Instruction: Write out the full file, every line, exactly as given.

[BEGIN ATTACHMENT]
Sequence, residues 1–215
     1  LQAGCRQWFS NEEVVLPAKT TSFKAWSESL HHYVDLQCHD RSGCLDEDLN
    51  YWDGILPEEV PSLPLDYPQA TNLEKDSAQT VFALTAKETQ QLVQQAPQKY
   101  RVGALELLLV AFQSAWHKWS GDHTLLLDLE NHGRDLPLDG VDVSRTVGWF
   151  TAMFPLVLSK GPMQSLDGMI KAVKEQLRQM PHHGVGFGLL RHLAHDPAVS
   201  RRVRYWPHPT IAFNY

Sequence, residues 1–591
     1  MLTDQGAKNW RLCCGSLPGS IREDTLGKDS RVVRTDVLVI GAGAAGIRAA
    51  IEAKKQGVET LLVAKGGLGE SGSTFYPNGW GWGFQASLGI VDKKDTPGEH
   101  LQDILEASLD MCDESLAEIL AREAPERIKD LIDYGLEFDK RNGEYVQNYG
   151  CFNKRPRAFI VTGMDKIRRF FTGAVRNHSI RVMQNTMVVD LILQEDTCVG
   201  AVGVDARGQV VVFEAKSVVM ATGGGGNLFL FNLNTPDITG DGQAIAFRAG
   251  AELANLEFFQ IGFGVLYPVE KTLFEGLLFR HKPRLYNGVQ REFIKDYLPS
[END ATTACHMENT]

Sequence, residues 1–215
     1  LQAGCRQWFS NEEVVLPAKT TSFKAWSESL HHYVDLQCHD RSGCLDEDLN
    51  YWDGILPEEV PSLPLDYPQA TNLEKDSAQT VFALTAKETQ QLVQQAPQKY
   101  RVGALELLLV AFQSAWHKWS GDHTLLLDLE NHGRDLPLDG VDVSRTVGWF
   151  TAMFPLVLSK GPMQSLDGMI KAVKEQLRQM PHHGVGFGLL RHLAHDPAVS
   201  RRVRYWPHPT IAFNY

Sequence, residues 1–591
     1  MLTDQGAKNW RLCCGSLPGS IREDTLGKDS RVVRTDVLVI GAGAAGIRAA
    51  IEAKKQGVET LLVAKGGLGE SGSTFYPNGW GWGFQASLGI VDKKDTPGEH
   101  LQDILEASLD MCDESLAEIL AREAPERIKD LIDYGLEFDK RNGEYVQNYG
   151  CFNKRPRAFI VTGMDKIRRF FTGAVRNHSI RVMQNTMVVD LILQEDTCVG
   201  AVGVDARGQV VVFEAKSVVM ATGGGGNLFL FNLNTPDITG DGQAIAFRAG
   251  AELANLEFFQ IGFGVLYPVE KTLFEGLLFR HKPRLYNGVQ REFIKDYLPS